Though I do use, D3DOverrider, I did forget that generally triple buffering only works with OpenGL applications, so good info all around. However, now with adaptive v-sync, neither is needed! Good to know.
[/quote]

The question then becomes, how to programmatically turn adaptive v-sync on?
I'm using OpenGL and have used wglSwapControl sofar (wglSwapControl(1) to turn on vsync).

Anyone have an idea?
[quote name='porschedrifter' date='21 April 2012 - 07:43 PM' timestamp='1335030225' post='1399165']

Though I do use, D3DOverrider, I did forget that generally triple buffering only works with OpenGL applications, so good info all around. However, now with adaptive v-sync, neither is needed! Good to know.





The question then becomes, how to programmatically turn adaptive v-sync on?

I'm using OpenGL and have used wglSwapControl sofar (wglSwapControl(1) to turn on vsync).



Anyone have an idea?

#5
Posted 05/23/2012 10:45 AM   
[quote name='pjr98' date='18 April 2012 - 02:05 PM' timestamp='1334772326' post='1397941']To answer, my assumption would be that there is no need for triple buffering with adaptive vsync, because vsync is switched off when fps drops below 60 (if your refresh rate is 60hz).
[/quote]

A fair assumption perhaps, but in practice, games/benchmarks can suffer significantly less stuttering while forcing triple buffering. See below graph.

[quote name='Righthooks' date='18 April 2012 - 05:55 AM' timestamp='1334742911' post='1397765']
[i]Triple buffering has no impact whatsoever on DirectX applications, with or without V-sync/Adaptive V-sync. Since the majority of titles are built on DirectX, triple buffering can remain disabled in conjunction with all forms of V-sync unless utilizing an OpenGL application.[/i]
[/quote]

With regard to the driver control panel setting, you are correct. However, it is indeed possible to manipulate the back buffer count in DirectX/Direct3D (after all, that is what D3DOverrider does). Refer to the following graph (tests performed in Direct3D).

[img]http://forums.nvidia.com/uploads/monthly_05_2012/post-361-13381175301997.png[/img]

P.S. - Triple buffering [color="#2E8B57"](TB)[/color] tests were performed [b]before[/b] the double buffered [color="#FF0000"](DB)[/color] 2nd run, so you can clearly see how double buffering negatively affected performance.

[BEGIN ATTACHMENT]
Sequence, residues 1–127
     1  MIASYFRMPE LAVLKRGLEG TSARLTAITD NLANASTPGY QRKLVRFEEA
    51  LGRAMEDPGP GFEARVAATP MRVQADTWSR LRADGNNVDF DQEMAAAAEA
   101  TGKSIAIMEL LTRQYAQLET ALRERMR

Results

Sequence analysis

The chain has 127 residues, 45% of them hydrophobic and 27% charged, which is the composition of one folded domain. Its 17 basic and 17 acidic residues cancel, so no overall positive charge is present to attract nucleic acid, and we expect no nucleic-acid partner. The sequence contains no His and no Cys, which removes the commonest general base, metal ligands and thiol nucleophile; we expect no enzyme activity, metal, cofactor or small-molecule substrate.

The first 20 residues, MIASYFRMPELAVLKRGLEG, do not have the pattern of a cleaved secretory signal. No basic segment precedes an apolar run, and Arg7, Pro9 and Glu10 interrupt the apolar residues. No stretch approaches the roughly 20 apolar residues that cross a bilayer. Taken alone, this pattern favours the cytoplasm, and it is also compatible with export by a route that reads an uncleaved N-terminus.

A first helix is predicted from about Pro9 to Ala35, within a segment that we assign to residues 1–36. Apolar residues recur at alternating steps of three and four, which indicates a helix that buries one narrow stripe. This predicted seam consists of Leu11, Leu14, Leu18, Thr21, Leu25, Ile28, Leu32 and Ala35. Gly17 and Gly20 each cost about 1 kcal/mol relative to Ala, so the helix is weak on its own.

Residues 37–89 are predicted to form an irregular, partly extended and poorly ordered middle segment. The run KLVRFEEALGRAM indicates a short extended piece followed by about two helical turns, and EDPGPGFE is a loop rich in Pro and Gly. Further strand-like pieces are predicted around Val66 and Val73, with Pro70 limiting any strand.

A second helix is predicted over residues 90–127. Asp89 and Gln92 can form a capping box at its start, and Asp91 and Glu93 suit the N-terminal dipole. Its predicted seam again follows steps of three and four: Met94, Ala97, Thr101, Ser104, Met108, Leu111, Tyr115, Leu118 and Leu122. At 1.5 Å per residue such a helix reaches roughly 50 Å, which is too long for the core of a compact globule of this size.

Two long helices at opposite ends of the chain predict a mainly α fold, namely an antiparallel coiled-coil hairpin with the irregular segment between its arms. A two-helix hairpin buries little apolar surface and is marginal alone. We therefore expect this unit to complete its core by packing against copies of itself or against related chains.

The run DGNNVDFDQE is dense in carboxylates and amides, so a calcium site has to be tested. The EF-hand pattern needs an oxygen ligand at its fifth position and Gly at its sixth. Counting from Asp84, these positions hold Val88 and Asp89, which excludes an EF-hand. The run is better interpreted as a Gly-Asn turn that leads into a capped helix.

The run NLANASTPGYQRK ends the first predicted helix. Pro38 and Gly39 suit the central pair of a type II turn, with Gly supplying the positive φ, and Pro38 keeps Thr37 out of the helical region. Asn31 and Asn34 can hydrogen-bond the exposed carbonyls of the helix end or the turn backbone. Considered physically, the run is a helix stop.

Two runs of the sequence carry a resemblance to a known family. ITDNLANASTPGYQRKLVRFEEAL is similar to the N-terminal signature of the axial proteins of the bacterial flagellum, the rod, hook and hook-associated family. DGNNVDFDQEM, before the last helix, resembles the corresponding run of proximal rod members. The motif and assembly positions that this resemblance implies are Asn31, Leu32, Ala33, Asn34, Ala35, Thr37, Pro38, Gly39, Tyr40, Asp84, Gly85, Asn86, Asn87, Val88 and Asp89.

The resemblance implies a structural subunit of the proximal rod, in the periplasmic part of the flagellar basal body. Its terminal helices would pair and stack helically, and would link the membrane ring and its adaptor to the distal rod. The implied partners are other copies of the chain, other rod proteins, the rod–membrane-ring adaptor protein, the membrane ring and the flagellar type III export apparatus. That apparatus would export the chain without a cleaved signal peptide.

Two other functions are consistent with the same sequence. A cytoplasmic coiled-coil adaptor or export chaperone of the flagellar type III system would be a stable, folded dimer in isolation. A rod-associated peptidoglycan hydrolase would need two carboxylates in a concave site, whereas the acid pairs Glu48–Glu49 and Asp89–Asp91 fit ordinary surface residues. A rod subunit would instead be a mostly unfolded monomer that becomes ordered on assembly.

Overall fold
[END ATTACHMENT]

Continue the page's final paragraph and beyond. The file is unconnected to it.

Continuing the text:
[quote name='pjr98' date='18 April 2012 - 02:05 PM' timestamp='1334772326' post='1397941']To answer, my assumption would be that there is no need for triple buffering with adaptive vsync, because vsync is switched off when fps drops below 60 (if your refresh rate is 60hz).





A fair assumption perhaps, but in practice, games/benchmarks can suffer significantly less stuttering while forcing triple buffering. See below graph.



[quote name='Righthooks' date='18 April 2012 - 05:55 AM' timestamp='1334742911' post='1397765']

Triple buffering has no impact whatsoever on DirectX applications, with or without V-sync/Adaptive V-sync. Since the majority of titles are built on DirectX, triple buffering can remain disabled in conjunction with all forms of V-sync unless utilizing an OpenGL application.





With regard to the driver control panel setting, you are correct. However, it is indeed possible to manipulate the back buffer count in DirectX/Direct3D (after all, that is what D3DOverrider does). Refer to the following graph (tests performed in Direct3D).



Image



P.S. - Triple buffering (TB) tests were performed before the double buffered (DB) 2nd run, so you can clearly see how double buffering negatively affected performance.
Attachments

adaptivedbvstb.png

"This is your code. These are also your bugs. Really. Yes, the API runtime and the
driver have bugs, but this is not one of them. Now go fix it already." -fgiesen

#6
Posted 05/27/2012 11:19 AM